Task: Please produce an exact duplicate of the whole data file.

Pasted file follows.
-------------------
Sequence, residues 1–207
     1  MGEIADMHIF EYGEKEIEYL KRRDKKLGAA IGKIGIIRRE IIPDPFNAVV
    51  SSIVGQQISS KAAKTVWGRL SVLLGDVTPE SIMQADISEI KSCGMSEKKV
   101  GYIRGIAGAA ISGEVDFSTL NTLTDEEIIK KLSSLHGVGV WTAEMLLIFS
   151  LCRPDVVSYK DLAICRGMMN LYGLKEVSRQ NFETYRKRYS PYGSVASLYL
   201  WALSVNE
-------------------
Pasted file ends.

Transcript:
Sequence, residues 1–207
     1  MGEIADMHIF EYGEKEIEYL KRRDKKLGAA IGKIGIIRRE IIPDPFNAVV
    51  SSIVGQQISS KAAKTVWGRL SVLLGDVTPE SIMQADISEI KSCGMSEKKV
   101  GYIRGIAGAA ISGEVDFSTL NTLTDEEIIK KLSSLHGVGV WTAEMLLIFS
   151  LCRPDVVSYK DLAICRGMMN LYGLKEVSRQ NFETYRKRYS PYGSVASLYL
   201  WALSVNE